- Dirty Robot is entitled that way because I played the main guitar part using a Digitech pedal named Dirty Robot. It is the repetitive motive that sounds like a synth. It’s not a synth, it’s played on a Stratocaster I have built sporting EMG pickups.
- Burned Special This is the name of the guitar I use to play every track. Usually, I always use different guitars to have lots of different guitar tone, but this guitar is so polyvalent I could exploit a bunch of unique pickup settings and have each track stands out perfectly. I built this guitar crafting a Bryan May wiring replica of it’s Red Special home-made guitar. I nicknamed the strat Burned Special because the body and neck I used were burned….
- Fretless Glitch. The main guitar is my Fretless custom guitar, and the drum part is a Glitch groove mixed with Indian percussion. I also used my 12 strings strat and my Thin line Telecaster equipped with P180 pickups from GFS.
- Chandan is the name of the Indian rhythm I used and mixed with an electro beat. The guitar in the intro is my custom SG built featuring Entwistle pickups, and a Jimmy Page advanced wiring. The first long part of the song is slow and melodic and the second part speeds up and turns into a funk rock type of mood.
- Satyriasis. It is the masculine word for a nymphomaniac, which I think I am. Lol Groove used is a fast Jungle beat. The song is a dialogue between my fretless guitar and my scalloped guitar.
- Funk That Map. Map is the name of the guitar I used to compose and record that song. It is a Airline Map distributed by Eastwood Guitars. I sold that guitar since because I decided to only use guitar I built or modified. I miss it, even if the strange body shape was extremely uncomfortable, to say the least.
- Smilodon is the Latin name of a Saber-toothed cat. I’m an Ice Age fan ( except for the fifth one), and this is in honor of Diego, even if Scrat is my favorite character. I used a short intro based on an Arabic scale I wrote many moons ago, and continued with an Indian/electro groove. I repeated the intro again at the end with a different arranging.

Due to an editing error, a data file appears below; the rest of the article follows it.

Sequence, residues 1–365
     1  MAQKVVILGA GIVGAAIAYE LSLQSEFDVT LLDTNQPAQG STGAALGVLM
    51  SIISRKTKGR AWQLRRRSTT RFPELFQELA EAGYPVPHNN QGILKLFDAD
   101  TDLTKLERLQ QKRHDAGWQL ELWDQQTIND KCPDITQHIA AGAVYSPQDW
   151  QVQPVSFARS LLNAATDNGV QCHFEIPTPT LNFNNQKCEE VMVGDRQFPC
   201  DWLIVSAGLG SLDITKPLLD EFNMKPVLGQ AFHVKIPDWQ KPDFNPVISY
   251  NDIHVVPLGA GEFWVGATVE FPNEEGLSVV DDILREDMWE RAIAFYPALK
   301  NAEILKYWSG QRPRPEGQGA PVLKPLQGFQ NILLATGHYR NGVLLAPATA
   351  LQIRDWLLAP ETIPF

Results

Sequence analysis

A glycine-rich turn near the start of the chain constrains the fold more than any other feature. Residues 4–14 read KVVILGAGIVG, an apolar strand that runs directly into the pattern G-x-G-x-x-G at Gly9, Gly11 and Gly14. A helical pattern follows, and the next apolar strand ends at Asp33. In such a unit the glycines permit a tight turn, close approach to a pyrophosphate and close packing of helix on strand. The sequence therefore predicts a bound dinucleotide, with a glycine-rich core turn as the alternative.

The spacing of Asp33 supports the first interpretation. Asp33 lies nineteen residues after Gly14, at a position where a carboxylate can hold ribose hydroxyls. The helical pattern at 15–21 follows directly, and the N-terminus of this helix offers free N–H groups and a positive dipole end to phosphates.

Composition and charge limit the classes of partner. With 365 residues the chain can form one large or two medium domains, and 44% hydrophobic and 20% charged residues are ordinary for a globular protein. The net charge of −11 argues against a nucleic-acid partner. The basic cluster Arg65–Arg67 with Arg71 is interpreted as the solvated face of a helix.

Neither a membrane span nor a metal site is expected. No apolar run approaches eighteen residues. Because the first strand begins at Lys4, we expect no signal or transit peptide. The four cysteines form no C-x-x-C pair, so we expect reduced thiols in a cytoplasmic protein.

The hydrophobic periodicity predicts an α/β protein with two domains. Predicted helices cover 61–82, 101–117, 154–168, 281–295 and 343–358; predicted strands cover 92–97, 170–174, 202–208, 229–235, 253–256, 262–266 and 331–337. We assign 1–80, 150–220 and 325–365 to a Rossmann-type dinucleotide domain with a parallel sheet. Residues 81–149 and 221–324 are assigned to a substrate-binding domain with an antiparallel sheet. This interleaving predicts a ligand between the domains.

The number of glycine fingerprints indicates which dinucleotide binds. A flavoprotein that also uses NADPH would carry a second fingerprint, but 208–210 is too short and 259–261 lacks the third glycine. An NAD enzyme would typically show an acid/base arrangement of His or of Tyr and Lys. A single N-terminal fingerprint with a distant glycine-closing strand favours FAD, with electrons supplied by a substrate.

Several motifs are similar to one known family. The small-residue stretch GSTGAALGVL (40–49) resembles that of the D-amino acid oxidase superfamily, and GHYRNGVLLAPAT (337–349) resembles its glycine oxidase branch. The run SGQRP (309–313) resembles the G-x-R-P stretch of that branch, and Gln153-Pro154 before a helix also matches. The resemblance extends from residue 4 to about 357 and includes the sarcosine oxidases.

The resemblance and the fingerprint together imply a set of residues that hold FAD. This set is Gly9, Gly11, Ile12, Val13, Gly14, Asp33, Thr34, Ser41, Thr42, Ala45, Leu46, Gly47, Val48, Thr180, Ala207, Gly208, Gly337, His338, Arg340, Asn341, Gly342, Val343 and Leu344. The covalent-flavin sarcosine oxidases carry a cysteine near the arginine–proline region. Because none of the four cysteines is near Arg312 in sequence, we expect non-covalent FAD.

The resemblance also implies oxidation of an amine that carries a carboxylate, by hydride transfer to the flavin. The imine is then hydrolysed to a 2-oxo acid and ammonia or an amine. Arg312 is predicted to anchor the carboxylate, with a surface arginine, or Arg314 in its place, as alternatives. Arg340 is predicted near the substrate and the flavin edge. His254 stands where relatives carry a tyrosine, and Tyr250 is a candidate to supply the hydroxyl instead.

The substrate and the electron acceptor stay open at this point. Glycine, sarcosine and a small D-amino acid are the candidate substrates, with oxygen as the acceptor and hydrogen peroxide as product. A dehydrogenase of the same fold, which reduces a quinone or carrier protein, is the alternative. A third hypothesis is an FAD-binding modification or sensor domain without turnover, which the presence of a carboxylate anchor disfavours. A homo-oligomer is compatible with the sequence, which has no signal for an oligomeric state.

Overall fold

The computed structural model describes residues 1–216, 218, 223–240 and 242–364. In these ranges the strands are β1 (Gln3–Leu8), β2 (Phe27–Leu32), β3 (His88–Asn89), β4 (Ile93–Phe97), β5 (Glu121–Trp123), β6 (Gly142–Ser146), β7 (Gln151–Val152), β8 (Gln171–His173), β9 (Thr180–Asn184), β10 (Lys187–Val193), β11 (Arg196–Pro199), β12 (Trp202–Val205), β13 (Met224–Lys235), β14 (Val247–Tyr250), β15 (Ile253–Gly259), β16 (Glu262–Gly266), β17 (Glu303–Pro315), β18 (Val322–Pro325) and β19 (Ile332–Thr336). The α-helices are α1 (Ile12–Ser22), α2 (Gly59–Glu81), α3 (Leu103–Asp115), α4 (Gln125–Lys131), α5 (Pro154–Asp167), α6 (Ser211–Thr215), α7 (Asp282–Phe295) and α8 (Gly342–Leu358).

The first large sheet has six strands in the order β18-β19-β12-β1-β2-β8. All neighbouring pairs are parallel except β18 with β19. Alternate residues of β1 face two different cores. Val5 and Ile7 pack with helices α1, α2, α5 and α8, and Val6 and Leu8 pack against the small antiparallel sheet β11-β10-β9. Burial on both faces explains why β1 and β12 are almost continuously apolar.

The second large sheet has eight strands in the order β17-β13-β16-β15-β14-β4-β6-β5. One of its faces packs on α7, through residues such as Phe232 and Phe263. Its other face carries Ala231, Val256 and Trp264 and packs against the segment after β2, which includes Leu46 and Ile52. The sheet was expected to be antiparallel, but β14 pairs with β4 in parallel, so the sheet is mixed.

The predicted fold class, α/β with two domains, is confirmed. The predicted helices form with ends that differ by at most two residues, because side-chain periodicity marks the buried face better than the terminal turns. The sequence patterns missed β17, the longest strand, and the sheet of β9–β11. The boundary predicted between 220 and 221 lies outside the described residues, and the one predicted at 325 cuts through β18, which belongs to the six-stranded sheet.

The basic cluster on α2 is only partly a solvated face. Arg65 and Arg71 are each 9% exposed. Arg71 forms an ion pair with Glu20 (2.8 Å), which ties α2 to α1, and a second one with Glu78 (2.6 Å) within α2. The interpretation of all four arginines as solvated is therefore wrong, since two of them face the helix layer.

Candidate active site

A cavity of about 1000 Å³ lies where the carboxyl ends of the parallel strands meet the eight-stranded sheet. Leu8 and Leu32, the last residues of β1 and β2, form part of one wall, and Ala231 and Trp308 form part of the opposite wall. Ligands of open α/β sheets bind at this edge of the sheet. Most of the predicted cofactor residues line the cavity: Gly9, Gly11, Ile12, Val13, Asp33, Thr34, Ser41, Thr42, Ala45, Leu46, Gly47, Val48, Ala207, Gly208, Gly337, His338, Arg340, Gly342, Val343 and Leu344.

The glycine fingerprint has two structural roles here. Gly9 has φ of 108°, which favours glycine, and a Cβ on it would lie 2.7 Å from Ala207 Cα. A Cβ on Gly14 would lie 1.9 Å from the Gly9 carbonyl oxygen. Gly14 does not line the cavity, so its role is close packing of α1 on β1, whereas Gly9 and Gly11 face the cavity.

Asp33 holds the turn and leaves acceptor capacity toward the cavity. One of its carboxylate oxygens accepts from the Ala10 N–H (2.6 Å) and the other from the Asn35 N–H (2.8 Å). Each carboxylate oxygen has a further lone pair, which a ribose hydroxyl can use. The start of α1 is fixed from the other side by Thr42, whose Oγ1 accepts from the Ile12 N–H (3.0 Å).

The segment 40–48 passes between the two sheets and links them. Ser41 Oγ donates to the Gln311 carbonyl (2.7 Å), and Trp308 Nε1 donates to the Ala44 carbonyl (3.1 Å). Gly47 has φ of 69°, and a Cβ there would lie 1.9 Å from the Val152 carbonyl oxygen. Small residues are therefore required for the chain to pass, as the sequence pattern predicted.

- Keep It Cool. Keep Cool is the place I was working out when I composed this song. I’m no longer training there. I changed gym. The song is performed using various guitars such as: Fretless, 12 strings, strats, ect. Written in two parts, a melodic smooth intro and a rockier second part where I rock the 12 strings and my scalloped strat.
- King Can is an old song I wrote for my seven pieces band named Aloes when I was living in Montreal. A King Can was the largest beer you could get at that time, and I entitled the song like that because I had three of them the night I wrote it. I was totally drunk, dancing along in my living room playing the riff over and over and I thought it was a good name for it. If I recall right, a King Can contain three regular can into one. So I had 9 beers while “composing”…
- Ragged Edge. It’s the first song I ever wrote in my life. It has been composed around 1977! That’s right. Ragged Edge was the name of a group I played with in the early 80s in Montreal. All parts were written out in a sketchbook in which I had traced the music lines. I stumbled on it while cleaning up my mess, and I played it like it is. I just improvised a guitar lead throughout.
Links to streaming or download sites